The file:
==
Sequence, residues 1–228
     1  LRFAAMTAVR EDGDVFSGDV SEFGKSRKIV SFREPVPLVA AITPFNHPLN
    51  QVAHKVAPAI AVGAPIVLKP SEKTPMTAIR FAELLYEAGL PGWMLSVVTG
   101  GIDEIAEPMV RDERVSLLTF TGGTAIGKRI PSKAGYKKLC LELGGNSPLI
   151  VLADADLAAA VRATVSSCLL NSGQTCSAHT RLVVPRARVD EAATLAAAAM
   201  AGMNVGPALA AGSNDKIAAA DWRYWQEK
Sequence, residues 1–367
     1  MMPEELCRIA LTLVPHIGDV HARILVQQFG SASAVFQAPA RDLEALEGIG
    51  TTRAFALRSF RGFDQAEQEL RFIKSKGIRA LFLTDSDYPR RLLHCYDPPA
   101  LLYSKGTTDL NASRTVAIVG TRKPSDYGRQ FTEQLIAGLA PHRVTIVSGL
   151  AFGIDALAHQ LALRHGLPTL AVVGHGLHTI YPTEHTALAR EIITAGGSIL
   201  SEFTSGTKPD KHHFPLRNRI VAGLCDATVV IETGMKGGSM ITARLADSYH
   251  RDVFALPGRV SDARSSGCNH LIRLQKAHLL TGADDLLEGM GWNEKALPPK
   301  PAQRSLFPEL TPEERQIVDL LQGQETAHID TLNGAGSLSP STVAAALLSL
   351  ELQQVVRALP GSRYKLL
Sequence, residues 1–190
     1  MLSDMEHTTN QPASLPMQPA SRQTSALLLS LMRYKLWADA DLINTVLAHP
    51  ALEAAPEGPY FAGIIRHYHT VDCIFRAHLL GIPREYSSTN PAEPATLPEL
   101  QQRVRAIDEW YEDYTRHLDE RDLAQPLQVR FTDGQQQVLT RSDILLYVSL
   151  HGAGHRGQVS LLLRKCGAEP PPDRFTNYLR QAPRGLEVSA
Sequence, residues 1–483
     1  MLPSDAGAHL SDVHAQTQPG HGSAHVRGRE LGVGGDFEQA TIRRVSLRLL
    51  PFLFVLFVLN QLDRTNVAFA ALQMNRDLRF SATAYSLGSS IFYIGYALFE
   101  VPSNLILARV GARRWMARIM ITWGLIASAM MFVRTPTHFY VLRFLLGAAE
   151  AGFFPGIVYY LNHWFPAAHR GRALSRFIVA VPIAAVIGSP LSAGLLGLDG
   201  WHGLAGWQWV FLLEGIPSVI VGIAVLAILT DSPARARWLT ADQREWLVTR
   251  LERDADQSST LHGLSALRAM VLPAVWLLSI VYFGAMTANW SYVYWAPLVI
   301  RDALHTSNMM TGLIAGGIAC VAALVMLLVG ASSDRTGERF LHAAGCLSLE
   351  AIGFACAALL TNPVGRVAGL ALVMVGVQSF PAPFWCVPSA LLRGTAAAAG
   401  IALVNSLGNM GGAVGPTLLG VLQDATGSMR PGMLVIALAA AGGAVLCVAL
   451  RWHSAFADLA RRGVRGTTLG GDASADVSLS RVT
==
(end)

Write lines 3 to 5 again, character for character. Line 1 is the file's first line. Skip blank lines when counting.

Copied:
    51  QVAHKVAPAI AVGAPIVLKP SEKTPMTAIR FAELLYEAGL PGWMLSVVTG
   101  GIDEIAEPMV RDERVSLLTF TGGTAIGKRI PSKAGYKKLC LELGGNSPLI
   151  VLADADLAAA VRATVSSCLL NSGQTCSAHT RLVVPRARVD EAATLAAAAM